# Checking a proof using Markov's Inequality

the problem I am considering is as follows:

For every probability space $(\Omega , \mathcal F , \mathbb P)$; every separable $\mathbb R$-Banach space $(V, ||\cdot||_{V})$, and every centered Gaussian distributed random variable $X: \Omega \to V$, it holds that:

$limsup_{\epsilon \to 0^{+}} sup_{r \in \mathbb R} \Big[e^{\epsilon r^{2}} \mathbb P \Big(||X||_{V} \geq r\Big)\Big]$ is finite.

What I have tried is to employ Markov's Inequality.

Suppose, $r > 0$. (This positivity enables us to employ Markov's inequality.)

By Markov's inequality, we have:$\quad e^{\epsilon r^{2}} \mathbb P \Big(||X||_{V} \geq r\Big) \leq \mathbb E(||X||_{V}) \frac {e^{\epsilon r^{2}}}{r}$.

Consequently, first taking the supremum on both side over $r \in \mathbb R$, and then letting $\epsilon \to 0^{+}$, we can conclude that the desired limit is finite since $\quad limsup_{\epsilon \to 0^{+}} sup_{r \in \mathbb R} \mathbb E(||X||_{V}) \frac {e^{\epsilon r^{2}}}{r}$ is $0$.

Is my argument okay ??

Please let me know if I am missing something!!

Thanks in advance!!!

P.S. (EDIT):- As ntt commented, if $r=0$, then the result is false.

• If $r\leq 0$ then $e^{\epsilon r^2}P(\|X\|\geq r) = e^{\epsilon r^2}$, then its supremum should be infinity, right? – ntt Apr 21 '17 at 10:41
• Ohh thanks... sorrry sorry !! I missed the modulus. Yuup, you are right. Thanks a ton. The question is the same, replacing $r$ by $|r|$, let me make the edit. – user92360 Apr 21 '17 at 10:48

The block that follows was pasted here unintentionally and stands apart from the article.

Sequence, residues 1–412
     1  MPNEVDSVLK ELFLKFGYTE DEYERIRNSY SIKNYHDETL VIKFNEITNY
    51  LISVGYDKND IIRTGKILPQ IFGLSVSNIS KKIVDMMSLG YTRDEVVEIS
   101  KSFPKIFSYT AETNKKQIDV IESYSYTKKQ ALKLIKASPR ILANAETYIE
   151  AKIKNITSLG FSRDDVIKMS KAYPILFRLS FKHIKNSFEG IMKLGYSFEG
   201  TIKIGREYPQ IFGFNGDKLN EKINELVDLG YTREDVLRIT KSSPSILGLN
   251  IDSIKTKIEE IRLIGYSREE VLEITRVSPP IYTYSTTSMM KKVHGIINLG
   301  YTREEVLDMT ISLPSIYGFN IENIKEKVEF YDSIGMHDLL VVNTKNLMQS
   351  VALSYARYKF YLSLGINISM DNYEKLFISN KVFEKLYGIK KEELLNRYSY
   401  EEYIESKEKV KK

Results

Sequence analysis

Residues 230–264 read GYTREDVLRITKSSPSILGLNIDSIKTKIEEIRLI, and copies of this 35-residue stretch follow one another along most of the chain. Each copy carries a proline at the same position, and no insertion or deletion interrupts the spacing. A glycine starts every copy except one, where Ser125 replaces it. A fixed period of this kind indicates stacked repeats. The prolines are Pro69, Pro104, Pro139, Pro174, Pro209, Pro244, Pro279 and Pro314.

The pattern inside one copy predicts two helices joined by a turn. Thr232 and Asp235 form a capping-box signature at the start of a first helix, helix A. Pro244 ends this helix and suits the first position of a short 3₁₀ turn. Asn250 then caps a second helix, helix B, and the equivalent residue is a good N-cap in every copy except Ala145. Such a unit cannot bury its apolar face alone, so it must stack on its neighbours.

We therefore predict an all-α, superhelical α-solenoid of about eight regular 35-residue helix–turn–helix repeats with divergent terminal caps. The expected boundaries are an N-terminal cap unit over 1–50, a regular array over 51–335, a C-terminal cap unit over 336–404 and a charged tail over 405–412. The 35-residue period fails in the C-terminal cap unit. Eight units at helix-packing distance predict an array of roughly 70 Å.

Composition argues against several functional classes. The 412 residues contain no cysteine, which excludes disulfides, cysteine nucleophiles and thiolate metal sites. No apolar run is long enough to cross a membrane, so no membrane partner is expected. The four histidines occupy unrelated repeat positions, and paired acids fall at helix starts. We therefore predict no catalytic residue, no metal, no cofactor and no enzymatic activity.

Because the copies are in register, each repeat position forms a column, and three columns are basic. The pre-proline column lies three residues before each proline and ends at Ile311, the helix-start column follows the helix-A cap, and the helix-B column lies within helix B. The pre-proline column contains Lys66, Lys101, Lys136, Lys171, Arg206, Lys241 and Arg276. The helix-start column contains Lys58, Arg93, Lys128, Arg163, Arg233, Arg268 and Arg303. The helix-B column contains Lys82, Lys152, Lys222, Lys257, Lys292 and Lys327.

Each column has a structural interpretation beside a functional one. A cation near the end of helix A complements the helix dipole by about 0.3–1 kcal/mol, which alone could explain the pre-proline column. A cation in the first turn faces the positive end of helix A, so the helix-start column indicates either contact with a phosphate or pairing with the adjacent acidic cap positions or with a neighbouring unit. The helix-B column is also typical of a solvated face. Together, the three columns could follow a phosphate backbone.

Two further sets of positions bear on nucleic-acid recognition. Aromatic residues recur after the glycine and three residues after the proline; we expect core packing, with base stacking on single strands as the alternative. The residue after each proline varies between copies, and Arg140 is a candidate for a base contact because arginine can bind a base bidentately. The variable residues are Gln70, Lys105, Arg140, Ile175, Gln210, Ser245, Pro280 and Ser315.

• Since $\lim_{|r|\to \infty}\frac{e^{\epsilon r^2}}{|r|} = +\infty$, you get $\sup_{r\in \mathbb R} \frac{e^{\epsilon r^2}}{|r|} = +\infty$. – ntt Apr 21 '17 at 11:10
• @ntt , thanks !! – user92360 Apr 21 '17 at 11:14
• Yes, the RHS is infinity, also you cannot conclude whether LHS is finite. It's only a remark that you cannot get the finiteness of the LHS via this way. – ntt Apr 21 '17 at 11:28

## 1 Answer

As mentioned in the comments, this is obviously false as written, but is true if we restrict the supremum to be over $r\ge0$. As the comments also noted, Fernique's theorem is the way to go. Fernique's theorem states that there exists $\alpha>0$ such that $\mathbb E[e^{\alpha\|X\|^2}]<\infty$. Then for $0<\epsilon<\alpha$ and $r>0$, we have $$e^{\epsilon r^2}\mathbb P(\|X\|\ge r)=e^{\epsilon r^2}\mathbb P(e^{\alpha\|X\|^2}\ge e^{\alpha r^2})\le e^{-(\alpha-\epsilon)\|r\|^2}\mathbb E[e^{\alpha\|X\|^2}]\le\mathbb E[e^{\alpha\|X\|^2}]$$ where the second to last step uses Markov's inequality. Taking suprema over $r\ge0$ and letting $\epsilon\to0$ completes the proof. Note that you could also fairly easily show that $$\lim_{\epsilon\to0}\limsup_{r\to\infty}e^{\epsilon r^2}\mathbb P(\|X\|\ge r)=0.$$